Organizations are concerned about the liability of such informal conversations, and this is the exact problem Confide is looking to solve — keeping your messages “off the record.” As Jon Brod illustrated with a live enactment, when we do not need to worry about our remarks coming back to haunt us, we can type what we actually think in the same way we would say it confidentially.

Bottom line, we do need a tool to manage team communications, a platform for easy conversation. Slack was mentioned by many speakers and participants throughout the day. This is a messaging and collaboration app that integrates with a number of services people already use at work#.

Back to the future

Christina Warren, Mashable Senior Tech Analyst, provided a rapid-fire tour of what the future of technology holds.

Thanks to Christina I discovered Quip, a mobile productivity tool. As a linguist, the best and most fascinating part of her talk for me was the topic of emoji, a term that comes from Japanese and means literally picture writing.

You may not know the technical term, yet you probably used images to express feelings like faces, for example on Skype you can add them off a menu. They are not the same as emoticons; the Unicode FAQ defines# them in more detail. You can track them in real time# on Twitter (caution message will appear).

Incidentally, just yesterday Mac Rumors covered Unicode Consortium news# about expanded racial diversity with skin tone modification by mid-2015.

By way of symbol and image, with emoji communication can be compressed and re-interpreted free of text-based constraints. In other words across languages/geographies.

Another sign of the shifting forces in (digital) culture. We may not have reached Jonathan Harris' grunt prediction, however compression, disposability, curation, and self-promotion are still going strong.

Grand finale

The Q&A with Gary Vaynerchuk capped the day. I just recently learned from Jesse Redniss about the new Brave Ventures founded by @garyvee @jesseredniss @dbecktweets, one of the exciting projects that followed selling a lot of wine and building social-first digital shop VaynerMedia.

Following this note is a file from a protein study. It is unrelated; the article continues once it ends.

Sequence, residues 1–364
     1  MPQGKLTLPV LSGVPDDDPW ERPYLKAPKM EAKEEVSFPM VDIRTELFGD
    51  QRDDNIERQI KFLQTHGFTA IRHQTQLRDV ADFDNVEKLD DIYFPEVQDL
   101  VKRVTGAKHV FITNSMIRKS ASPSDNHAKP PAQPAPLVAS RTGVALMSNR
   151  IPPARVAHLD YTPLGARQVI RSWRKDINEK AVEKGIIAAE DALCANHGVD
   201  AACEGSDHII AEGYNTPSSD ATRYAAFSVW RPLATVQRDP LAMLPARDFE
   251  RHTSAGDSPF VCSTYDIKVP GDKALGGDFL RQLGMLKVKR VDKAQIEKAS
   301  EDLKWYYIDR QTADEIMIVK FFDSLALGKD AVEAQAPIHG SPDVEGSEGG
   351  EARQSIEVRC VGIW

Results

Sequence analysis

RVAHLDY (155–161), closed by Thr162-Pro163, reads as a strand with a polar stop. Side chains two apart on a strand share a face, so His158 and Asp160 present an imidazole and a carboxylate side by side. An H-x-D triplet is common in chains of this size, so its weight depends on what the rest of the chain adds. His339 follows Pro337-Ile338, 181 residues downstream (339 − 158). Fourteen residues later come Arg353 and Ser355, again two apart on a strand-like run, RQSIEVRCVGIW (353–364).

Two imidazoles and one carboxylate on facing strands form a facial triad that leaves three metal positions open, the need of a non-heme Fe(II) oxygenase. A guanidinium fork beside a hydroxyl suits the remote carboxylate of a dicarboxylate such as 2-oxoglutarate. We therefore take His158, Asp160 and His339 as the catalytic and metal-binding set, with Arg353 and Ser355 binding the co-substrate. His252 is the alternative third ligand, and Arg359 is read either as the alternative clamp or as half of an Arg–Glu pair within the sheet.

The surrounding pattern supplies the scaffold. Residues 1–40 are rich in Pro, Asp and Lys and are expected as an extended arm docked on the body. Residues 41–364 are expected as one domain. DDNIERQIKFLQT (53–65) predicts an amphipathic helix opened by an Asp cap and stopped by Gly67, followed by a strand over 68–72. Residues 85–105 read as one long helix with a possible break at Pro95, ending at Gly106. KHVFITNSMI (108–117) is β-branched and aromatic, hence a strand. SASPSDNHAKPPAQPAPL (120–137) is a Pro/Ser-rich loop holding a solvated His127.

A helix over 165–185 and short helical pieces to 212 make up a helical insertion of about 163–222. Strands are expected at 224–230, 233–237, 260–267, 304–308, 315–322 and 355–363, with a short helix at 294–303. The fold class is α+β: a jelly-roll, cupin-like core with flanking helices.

It was refreshing to have a frank — “you don't hustle if you don't know what a 17-hour day feels like” — discussion about what it takes to build a business and to end on such a high and pragmatic optimism note.

Best quotes of the day

  • “Going Viral is not a marketing strategy.” @AriZoldan during the panel discussion with @JYarow, Jack Mark, and Danny Shultz
  • “Now-ism = being present. Social media takes you away from your now.” @JeffPulver
  • “Ephemerality is the digital condom for sensitive, private moments.” @jbrod
  • “If you focus on the roadblocks, you will always lose.” @GaryVee

New people to follow on Twitter: Christina Warren, Jay Yarow, Chef Lizette, and many already mentioned in this post.

Many thanks to the whole Zula team, Jeff Pulver, Jacob Ner-David, Hillel Fuld, Jo Friedman, Michelle Zucher, and Ari Zoldan from Quantum Networks for making the event happen, and David Sable from Y&R for hosting it.

(The app is free for now; the plan is to launch paid features in the future. Download Zula for iOS here or Android here.)

UPDATE: 9to5Mac has an article# about a leaked WhatsApp screen shot update that shows read receipts and suggests future VOIP feature. You may recall Jeff Pulver, Zula, practically invented VOIP#.

UPDATE 2: Digiday | Snapchat is in partnership talks with BuzzFeed, Time, others#Snapchat also wants to serve its users text and audio, which would make it an all-inclusive media consumption app.

UPDATE 3: Techcrunch | Kik Introduces Promoted Chats To Let Brands On Its Messaging App And Finally Make Money#Kik has introduced ‘Keywords’, a feature that lets brand accounts create stock responses based on ‘trigger’ words in chats from users following them. Promoted chats were introduced in the summer#.